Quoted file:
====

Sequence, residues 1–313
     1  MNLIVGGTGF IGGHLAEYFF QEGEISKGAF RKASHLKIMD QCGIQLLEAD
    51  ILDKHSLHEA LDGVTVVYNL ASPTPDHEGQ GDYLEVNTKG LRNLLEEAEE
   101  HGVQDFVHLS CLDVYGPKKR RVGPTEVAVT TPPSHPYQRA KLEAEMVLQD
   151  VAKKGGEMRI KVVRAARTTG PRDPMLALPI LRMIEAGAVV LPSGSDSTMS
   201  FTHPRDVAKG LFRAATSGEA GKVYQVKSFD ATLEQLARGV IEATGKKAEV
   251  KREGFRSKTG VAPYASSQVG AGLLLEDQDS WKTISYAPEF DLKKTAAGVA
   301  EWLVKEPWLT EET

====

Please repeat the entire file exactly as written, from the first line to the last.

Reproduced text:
Sequence, residues 1–313
     1  MNLIVGGTGF IGGHLAEYFF QEGEISKGAF RKASHLKIMD QCGIQLLEAD
    51  ILDKHSLHEA LDGVTVVYNL ASPTPDHEGQ GDYLEVNTKG LRNLLEEAEE
   101  HGVQDFVHLS CLDVYGPKKR RVGPTEVAVT TPPSHPYQRA KLEAEMVLQD
   151  VAKKGGEMRI KVVRAARTTG PRDPMLALPI LRMIEAGAVV LPSGSDSTMS
   201  FTHPRDVAKG LFRAATSGEA GKVYQVKSFD ATLEQLARGV IEATGKKAEV
   251  KREGFRSKTG VAPYASSQVG AGLLLEDQDS WKTISYAPEF DLKKTAAGVA
   301  EWLVKEPWLT EET